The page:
Sources: Data for 1971-1974: Troiano, R. P., Flegal, K. M., Kuczmarski, R. J., Campbell, S. M., Johnson, C. L. (1995) Overweight prevalence and trends for children and adolescents: The national health and nutrition examination surveys, 1963-1991. Archives of Pediatrics and Adolescent Medicine, 149(10), 1085-1091. Available at:http://archpedi.jamanetwork.com/article.aspx?articleid=517675. Data for 1976-1994: National Center for Health Statistics. (2003). Health United States, 2003 with Chartbook on Trends in the Health of Americans. National Center for Health Statistics.. Table 69. Available at:http://www.cdc.gov/nchs/data/hus/tables/2003/03hus069.pdf. Data for 1999-2002 from Hedley, A., Ogden, C., Johnson, C., Carroll, M., Curtin, L. and Flegal, K. Prevalence of overweight and obesity among us children, adolescents, and adults, 1999-2002, JAMA, 291(23): 2847-2850. Data for 2003-2006: Ogden, C., Carroll, M., and Flegal, K. High Body Mass Index for age among us children and adolescents, 2003-2006. JAMA, 299(20):, 2401-2405. Data for 2007-2008: Ogden C. L., Carroll, M. D., Curtin, L. R., Lamb, M. M., and Flegal, K. M. (2010). Prevalence of High Body Mass Index in US children and adolescents, 2007-2008, JAMA, 303(3), 242-249. Available at:http://jama.jamanetwork.com/article.aspx?articleid=185233. Data for 2009-2010: Ogden C. L., Carroll, M. ., Kit, B. K., and Flegal, K.M (2012). Prevalence of obesity and trends in Body Mass Index among US children and adolescents, 1999-2010, JAMA, 307(5), 483-490. Available at:http://jama.jamanetwork.com/article.aspx?volume=307&issue=5&page=483.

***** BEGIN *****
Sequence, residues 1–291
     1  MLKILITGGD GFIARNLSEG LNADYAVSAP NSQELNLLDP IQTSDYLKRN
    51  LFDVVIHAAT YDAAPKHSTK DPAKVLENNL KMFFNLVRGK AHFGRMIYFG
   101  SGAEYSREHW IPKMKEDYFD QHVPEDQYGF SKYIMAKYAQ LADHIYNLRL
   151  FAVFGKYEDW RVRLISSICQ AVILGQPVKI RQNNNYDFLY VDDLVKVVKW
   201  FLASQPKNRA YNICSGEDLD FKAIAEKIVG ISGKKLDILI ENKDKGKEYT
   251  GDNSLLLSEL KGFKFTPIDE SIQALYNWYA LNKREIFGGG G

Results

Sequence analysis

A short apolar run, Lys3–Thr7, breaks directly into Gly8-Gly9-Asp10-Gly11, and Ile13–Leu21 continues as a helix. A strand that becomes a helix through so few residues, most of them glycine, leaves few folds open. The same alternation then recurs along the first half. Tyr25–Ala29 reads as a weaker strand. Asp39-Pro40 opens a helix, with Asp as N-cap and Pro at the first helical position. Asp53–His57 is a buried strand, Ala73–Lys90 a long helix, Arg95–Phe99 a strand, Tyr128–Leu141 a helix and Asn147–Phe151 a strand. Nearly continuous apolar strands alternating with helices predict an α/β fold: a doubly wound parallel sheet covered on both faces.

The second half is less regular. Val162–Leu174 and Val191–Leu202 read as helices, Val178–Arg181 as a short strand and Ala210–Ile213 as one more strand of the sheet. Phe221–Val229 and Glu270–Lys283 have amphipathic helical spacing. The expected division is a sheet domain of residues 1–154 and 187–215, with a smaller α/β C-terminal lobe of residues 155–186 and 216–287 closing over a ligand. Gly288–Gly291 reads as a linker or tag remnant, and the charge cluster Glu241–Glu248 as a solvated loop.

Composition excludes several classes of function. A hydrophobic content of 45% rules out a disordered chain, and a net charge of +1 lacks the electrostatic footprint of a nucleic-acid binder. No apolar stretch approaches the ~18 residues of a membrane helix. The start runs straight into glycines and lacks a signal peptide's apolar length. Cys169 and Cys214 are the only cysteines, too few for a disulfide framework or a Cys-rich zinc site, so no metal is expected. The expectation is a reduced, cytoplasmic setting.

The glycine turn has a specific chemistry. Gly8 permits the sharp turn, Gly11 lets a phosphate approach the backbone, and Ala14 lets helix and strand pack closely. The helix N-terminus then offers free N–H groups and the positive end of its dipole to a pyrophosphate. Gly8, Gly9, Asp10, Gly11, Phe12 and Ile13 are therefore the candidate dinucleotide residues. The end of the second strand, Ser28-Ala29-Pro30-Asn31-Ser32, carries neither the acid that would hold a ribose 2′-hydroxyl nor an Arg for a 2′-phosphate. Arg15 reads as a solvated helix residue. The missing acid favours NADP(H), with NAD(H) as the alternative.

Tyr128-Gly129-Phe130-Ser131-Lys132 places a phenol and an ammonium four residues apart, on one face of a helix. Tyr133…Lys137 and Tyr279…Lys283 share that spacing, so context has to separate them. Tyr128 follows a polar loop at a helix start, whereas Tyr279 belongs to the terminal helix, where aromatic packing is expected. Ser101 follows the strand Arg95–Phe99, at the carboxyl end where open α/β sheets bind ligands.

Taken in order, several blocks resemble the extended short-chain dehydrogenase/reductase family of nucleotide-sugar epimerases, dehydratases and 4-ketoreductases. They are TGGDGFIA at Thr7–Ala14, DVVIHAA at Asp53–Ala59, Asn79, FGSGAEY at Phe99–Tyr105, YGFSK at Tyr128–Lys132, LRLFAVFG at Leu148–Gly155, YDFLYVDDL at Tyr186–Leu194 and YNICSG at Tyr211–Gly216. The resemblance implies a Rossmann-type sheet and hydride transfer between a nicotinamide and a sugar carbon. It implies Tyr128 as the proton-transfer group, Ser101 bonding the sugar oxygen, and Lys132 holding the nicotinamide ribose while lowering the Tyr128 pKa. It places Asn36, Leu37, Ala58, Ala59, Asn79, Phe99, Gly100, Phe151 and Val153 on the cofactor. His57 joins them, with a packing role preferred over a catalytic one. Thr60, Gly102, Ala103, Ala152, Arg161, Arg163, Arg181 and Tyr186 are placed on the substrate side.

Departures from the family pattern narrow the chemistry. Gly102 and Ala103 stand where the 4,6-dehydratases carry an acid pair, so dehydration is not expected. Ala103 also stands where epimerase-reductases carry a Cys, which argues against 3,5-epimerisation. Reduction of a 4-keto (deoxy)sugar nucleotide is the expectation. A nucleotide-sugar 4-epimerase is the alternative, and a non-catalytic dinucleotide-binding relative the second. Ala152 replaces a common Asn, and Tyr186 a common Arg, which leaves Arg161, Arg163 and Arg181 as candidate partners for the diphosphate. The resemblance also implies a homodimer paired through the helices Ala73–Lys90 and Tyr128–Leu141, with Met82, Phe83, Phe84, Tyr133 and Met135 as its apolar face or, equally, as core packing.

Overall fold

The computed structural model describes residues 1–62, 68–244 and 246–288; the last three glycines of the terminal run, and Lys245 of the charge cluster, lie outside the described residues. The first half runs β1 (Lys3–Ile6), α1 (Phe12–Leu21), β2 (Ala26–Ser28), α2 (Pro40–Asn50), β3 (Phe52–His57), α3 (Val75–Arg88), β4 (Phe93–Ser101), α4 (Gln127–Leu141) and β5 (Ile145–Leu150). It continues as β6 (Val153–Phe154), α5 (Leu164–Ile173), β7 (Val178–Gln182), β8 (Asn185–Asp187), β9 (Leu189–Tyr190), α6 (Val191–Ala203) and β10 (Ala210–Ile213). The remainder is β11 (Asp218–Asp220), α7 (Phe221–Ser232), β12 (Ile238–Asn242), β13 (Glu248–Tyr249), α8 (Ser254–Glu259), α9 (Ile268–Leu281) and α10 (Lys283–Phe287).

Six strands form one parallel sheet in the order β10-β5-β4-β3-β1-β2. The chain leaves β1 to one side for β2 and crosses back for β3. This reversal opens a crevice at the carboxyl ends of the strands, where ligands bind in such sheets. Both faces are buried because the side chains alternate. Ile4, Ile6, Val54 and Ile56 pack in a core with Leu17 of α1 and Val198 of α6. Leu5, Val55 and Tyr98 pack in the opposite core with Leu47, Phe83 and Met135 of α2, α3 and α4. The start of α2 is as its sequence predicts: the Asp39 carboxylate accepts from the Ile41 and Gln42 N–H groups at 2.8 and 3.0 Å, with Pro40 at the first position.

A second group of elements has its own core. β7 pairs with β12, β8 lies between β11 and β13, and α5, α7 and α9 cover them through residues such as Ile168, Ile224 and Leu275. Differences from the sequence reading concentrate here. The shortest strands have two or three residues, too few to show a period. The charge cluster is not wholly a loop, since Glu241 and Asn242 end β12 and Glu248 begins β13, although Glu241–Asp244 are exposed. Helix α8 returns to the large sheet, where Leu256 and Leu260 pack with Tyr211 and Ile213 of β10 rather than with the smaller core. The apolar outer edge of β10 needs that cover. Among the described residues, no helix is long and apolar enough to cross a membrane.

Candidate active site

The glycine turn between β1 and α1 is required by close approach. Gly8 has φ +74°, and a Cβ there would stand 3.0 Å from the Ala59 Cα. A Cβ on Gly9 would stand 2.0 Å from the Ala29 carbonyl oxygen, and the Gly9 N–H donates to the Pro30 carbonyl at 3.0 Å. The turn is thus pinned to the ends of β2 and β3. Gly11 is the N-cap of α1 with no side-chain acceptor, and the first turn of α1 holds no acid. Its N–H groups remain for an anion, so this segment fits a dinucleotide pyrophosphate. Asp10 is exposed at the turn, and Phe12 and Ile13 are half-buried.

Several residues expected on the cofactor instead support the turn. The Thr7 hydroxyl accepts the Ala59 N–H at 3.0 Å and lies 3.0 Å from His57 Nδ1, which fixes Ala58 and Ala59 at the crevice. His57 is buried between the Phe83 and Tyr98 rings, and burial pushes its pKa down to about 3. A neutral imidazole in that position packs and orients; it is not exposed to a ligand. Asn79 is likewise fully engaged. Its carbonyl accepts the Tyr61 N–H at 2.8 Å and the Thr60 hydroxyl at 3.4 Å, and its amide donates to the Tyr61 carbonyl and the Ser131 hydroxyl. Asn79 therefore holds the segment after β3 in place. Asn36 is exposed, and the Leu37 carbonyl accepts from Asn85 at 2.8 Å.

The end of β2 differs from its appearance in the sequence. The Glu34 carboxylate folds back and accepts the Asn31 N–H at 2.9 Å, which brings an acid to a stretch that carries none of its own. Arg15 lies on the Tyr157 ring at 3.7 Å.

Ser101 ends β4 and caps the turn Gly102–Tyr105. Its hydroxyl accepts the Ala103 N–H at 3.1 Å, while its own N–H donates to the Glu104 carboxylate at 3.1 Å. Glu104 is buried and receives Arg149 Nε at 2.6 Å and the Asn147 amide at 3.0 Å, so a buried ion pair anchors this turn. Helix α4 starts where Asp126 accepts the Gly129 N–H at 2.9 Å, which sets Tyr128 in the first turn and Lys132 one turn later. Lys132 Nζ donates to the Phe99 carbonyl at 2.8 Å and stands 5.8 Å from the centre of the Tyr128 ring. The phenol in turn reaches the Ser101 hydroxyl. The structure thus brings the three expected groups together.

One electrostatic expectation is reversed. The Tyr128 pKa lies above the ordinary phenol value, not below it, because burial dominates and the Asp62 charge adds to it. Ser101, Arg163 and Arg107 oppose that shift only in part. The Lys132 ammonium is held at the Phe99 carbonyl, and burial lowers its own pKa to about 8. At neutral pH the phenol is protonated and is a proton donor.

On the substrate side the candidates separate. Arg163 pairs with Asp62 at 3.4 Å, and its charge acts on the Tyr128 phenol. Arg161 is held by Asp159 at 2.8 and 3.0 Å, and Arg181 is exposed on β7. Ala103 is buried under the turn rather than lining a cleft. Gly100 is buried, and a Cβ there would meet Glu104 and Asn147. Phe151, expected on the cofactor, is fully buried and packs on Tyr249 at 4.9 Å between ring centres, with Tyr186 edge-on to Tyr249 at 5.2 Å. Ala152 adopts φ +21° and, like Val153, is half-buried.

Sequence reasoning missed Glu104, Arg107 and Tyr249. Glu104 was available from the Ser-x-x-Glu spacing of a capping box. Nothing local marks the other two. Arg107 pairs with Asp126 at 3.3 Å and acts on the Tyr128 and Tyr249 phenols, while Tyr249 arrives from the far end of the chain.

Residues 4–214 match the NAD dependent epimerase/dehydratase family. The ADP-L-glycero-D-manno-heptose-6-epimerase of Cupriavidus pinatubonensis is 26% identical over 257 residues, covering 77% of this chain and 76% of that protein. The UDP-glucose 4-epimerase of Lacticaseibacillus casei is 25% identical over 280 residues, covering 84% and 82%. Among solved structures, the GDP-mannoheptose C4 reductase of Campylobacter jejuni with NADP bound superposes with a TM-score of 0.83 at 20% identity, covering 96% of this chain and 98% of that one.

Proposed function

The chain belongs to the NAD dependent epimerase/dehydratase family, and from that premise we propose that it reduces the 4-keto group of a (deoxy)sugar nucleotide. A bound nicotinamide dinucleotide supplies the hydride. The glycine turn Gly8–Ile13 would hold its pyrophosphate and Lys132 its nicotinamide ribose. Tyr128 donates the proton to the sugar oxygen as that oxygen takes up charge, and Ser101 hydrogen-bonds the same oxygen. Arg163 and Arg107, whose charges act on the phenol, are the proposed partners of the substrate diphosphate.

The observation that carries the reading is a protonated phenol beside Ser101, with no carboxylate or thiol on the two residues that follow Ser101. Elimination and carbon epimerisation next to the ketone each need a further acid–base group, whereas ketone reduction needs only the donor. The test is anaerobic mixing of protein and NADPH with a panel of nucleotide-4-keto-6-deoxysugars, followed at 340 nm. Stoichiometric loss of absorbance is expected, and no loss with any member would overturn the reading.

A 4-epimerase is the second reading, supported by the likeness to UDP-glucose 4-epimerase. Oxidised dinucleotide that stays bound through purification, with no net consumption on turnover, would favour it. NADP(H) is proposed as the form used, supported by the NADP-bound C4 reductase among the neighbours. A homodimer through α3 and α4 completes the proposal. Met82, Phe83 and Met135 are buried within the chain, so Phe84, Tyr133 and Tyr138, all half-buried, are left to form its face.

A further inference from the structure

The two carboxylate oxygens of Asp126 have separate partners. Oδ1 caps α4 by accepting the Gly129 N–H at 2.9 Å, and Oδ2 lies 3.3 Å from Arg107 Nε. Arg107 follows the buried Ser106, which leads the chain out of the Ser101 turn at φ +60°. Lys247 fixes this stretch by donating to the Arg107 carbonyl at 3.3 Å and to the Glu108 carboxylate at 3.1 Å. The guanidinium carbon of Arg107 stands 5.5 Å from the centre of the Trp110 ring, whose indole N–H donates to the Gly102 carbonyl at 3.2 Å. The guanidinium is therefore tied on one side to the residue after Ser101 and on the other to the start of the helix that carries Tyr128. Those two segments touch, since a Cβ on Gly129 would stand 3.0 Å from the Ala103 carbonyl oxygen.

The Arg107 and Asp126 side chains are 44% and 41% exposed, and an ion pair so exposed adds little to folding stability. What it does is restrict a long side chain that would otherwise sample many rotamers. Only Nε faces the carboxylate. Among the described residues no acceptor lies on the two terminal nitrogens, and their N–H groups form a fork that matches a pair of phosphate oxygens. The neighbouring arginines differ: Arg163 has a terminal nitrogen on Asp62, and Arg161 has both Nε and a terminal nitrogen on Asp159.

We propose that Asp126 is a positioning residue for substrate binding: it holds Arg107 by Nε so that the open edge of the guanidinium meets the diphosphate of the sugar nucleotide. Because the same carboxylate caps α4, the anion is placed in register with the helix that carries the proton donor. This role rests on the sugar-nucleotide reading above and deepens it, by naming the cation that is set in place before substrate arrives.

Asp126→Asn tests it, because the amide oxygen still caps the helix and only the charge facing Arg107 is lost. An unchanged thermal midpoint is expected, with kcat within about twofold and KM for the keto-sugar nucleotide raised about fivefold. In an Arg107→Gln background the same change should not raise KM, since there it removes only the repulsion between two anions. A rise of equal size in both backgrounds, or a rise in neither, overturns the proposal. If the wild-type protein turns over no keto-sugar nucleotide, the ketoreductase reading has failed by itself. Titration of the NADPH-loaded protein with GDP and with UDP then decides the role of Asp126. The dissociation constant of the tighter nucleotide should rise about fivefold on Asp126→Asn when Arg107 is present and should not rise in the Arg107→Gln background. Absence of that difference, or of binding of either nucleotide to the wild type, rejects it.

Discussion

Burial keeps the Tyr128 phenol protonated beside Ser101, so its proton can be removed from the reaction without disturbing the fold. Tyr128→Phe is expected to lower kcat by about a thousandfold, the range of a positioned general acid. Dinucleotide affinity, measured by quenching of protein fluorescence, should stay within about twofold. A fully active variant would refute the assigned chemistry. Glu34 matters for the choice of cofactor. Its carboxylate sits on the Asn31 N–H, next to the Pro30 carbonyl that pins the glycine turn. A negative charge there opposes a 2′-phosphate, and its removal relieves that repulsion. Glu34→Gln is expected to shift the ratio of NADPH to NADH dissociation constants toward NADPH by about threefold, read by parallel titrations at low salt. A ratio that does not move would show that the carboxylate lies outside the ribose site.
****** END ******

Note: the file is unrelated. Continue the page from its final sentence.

Appendix 2 - Percentage of Children Who Are Overweight: Selected Years, 1971-2010

1971-19741 1976-1980 1988-1991 1999-2002 2003-2006 2007-2008 2009-2010
Ages 2-53 - - - 22.6 24.4 21.2 26.7
Male - - - 23.0 25.5 21.0 29.7
Race/Hispanic origin4
White, non-Hispanic - - - 21.7 25.4 15.6 26.0
Black, non-Hispanic - - - 20.9 23.2 28.1 30.5
Mexican-American - - - 27.6 32.4 32.4 34.0
Female5 - - - 22.3 23.3 21.4 23.4
Race/Hispanic origin4
White, non-Hispanic - - - 20.0 20.9 19.5 21.3
Black, non-Hispanic - - - 25.6 26.4 23.9 27.0
Mexican American - - - 25.0 27.3 22.5 32.1
1971-19741 1976-1980 1988-1991 1999-2002 2003-2006 2007-2008 2009-2010
Ages 6-113 16.0 17.9 22.5 31.2 33.3 35.5 32.6
Male 18.2 19.9 22.3 32.5 33.9 35.9 33.1
Race/Hispanic origin4
White, non-Hispanic 19.5 20.8 22.3 29.3 31.7 17.7 29.7
Black, non-Hispanic 12.3 15.1 27.2 29.7 33.8 36.4 40.9
Mexican-American - - 33.3 43.9 47.1 44.0 38.5
Female5 13.9 15.8 22.7 29.9 32.6 35.2 32.1
Race/Hispanic origin4
White, non-Hispanic 13.4 15.4 22.0 27.7 31.5 34.3 25.2
Black, non-Hispanic 16.8 18.4 30.7 37.9 40.1 38.9 44.2
Mexican American - - 22.7 33.8 38.1 39.3 39.5
Ages 12-193 17.3 15.9 21.4 30.9 34.1 34.2 33.6
Male 14.9 16.3 21.7 31.2 34.9 35.0 34.6
Race/Hispanic origin4
White, non-Hispanic 15.3 16.6 22.6 29.2 34.5 32.6 32.2
Black, non-Hispanic 12.3 14.5 23.3 32.1 32.1 33.0 34.7
Mexican-American - - 26.7 41.9 40.5 46.1 46.0
Female5 19.7 15.5 21.2 30.5 33.3 33.3 32.6
Race/Hispanic origin4
White, non-Hispanic 19.7 15.2 20.3 26.5 31.7 29.9 27.6
Black, non-Hispanic 20.8 18.2 29.9 41.9 44.5 46.3 45.1
Mexican-American - - 23.4 39.3 37.1 42.1 40.5
"-" Indicates data not available.Note: Overweight is defined as having a Body Mass Index (BMI) at or above the sex- and age-specific 85th percentile. For data 1971-1991, BMI distributions based on nationally representative samples taken between 1963-1970. For later data, this is based on the revised CDC Growth Charts, which are based on nationally representative samples of children between 1963 and 1994. For more information, see Kuczmarski R. J., Ogden C. L., Guo S. S., et al. (2002). 2000 CDC growth charts for the United States: Methods and development. National Center for Health Statistics. Vital Health Stat 11(246). Available at http://www.cdc.gov/nchs/data/series/sr_11/sr11_246.pdf.